HTA results for the combination of 5-FU, IR and AZD7762 (A) or BEZ235 (B). Synergy between AZD7762 and 5-FU was detected for RCM-1 cells at 150nM AZD7762 (Figure S9), where there is less of an effect of AZD7762 alone.

https://doi.org/10.1371/journal.pone.0082982.s010

(PDF)

Figure S11.

Chk1 is inhibited by AZD7762 in rectal cancer cell lines. The time indicated is post-IR treatment (i.e. cells were exposed to AZD7762 for 4 hours for the “2 hrs” time point). (A) Decreased phosphorylation of a Chk1 autophosphorylation site (S296) by 250nM AZD7762. (B) Increased phosphorylation of Chk1 S345, which is mediated by ATM and ATR and targets Chk1 for degradation. (C) Decreased total Chk1 levels.

https://doi.org/10.1371/journal.pone.0082982.s011

(PDF)

Figure S12.

Chk2 is inhibited by AZD7762 in rectal cancer cell lines. The time indicated is post-IR treatment. (A) IR-induced phosphorylation of a Chk2 autophosphorylation site (S516) is inhibited by AZD7762. Right, quantification by background subtraction, normalization to GAPDH, and normalization to control treatment. (B) Phosphorylation of Chk2 site (T68) that is mediated by ATM and ATR. 4 Gy IR was used.

https://doi.org/10.1371/journal.pone.0082982.s012

(PDF)

Figure S13.

IR-induced G2 arrest is abrogated following treatment with AZD7762. Cell cycle profiling results indicate the percent of cells in different phases of the cell cycle. Cells were treated with AZD7762 for two hours prior to IR, and the analysis was performed after 24 hours.

https://doi.org/10.1371/journal.pone.0082982.s013

(PDF)

Figure S14.

Combination treatment with AZD7762 and IR results in increased DNA damage and induction of apoptosis. (A) DSBs as indicated by γH2AX levels. Right, quantification by background subtraction, normalization to GAPDH, and normalization to control treatment. (B) Apoptosis as indicated by cleaved PARP levels. Right, quantification by background subtraction and normalization to GAPDH. Days post-IR are indicated.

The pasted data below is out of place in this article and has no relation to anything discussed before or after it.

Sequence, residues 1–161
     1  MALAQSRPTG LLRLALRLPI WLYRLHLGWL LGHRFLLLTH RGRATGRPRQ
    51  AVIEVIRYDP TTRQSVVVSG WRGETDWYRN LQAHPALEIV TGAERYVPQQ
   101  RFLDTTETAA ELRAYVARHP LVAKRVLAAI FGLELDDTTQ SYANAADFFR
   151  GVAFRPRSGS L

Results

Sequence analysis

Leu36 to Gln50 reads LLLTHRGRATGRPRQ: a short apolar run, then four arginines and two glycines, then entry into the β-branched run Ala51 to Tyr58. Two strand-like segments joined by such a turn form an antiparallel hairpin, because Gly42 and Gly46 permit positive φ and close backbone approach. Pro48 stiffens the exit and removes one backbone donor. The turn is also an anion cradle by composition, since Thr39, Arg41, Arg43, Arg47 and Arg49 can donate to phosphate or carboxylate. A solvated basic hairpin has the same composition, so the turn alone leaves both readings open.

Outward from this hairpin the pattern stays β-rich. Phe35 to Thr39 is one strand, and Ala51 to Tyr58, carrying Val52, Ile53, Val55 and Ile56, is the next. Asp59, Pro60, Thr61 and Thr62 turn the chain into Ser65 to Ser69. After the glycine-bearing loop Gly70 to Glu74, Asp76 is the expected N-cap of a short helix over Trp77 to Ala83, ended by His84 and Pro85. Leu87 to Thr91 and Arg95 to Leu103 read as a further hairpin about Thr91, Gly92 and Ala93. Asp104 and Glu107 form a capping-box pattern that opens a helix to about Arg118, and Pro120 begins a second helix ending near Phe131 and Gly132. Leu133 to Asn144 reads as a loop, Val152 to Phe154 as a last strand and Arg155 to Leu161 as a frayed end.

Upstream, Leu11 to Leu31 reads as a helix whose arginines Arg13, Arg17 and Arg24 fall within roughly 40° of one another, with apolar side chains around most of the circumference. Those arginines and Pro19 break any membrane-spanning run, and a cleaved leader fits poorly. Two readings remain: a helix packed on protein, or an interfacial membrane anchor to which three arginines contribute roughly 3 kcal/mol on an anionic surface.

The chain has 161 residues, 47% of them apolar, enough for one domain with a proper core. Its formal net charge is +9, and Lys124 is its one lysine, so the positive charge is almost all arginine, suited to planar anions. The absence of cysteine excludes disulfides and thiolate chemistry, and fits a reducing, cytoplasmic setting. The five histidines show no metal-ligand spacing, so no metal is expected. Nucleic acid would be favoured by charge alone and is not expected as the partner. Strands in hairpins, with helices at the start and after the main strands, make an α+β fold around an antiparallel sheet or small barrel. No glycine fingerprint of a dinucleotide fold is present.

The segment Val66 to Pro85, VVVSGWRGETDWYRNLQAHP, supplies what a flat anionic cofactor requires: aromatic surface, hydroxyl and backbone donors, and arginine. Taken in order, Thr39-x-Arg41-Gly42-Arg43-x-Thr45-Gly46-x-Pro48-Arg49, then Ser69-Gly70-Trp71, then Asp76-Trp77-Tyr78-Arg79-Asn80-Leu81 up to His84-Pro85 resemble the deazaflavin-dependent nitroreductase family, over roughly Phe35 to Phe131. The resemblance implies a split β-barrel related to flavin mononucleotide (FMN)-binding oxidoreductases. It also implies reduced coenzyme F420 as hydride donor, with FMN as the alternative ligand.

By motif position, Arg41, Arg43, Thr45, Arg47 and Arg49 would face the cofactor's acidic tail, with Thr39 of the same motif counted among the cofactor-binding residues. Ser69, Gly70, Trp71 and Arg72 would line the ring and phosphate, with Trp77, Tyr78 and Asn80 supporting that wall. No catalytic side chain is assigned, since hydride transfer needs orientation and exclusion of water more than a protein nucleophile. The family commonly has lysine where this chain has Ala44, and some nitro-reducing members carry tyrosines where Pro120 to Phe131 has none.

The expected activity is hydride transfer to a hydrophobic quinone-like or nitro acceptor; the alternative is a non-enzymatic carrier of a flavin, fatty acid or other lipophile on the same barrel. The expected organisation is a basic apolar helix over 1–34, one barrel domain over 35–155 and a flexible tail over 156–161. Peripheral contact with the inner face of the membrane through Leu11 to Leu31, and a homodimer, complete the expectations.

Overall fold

https://doi.org/10.1371/journal.pone.0082982.s014

(PDF)

Figure S15.

The HTA was performed with SW1463 cells and nuclei were stained with Hoechst. Note that nuclei stain very heterogeneously with Hoechst, especially in the image of AZD7762 treatment alone.

https://doi.org/10.1371/journal.pone.0082982.s015

(PDF)

Table S1.

Mutational status and K-RAS dependency of the human cell lines used in this study.

https://doi.org/10.1371/journal.pone.0082982.s016

(PDF)

Acknowledgments

We thank Casie Genetti for technical assistance, Boyang Zhao for the ImageJ macro for CFA analysis, and Thomas Diefenbach for microscopy help.

Author Contributions

Conceived and designed the experiments: LK AK TH KH. Performed the experiments: LK AK SK. Analyzed the data: LK AK TH KH. Wrote the manuscript: LK AK TH KH.

References

  1. 1. Ferlay J, Shin HR, Bray F, Forman D, Mathers C et al. (2010) Estimates of worldwide burden of cancer in 2008: GLOBOCAN 2008. Int J Cancer 127: 2893-2917. doi:https://doi.org/10.1002/ijc.25516. PubMed: 21351269.
  2. 2. Eng C (2010) The evolving role of monoclonal antibodies in colorectal cancer: early presumptions and impact on clinical trial development. Oncologist 15: 73-84. doi:https://doi.org/10.1634/theoncologist.2010-S1-73. PubMed: 20067946.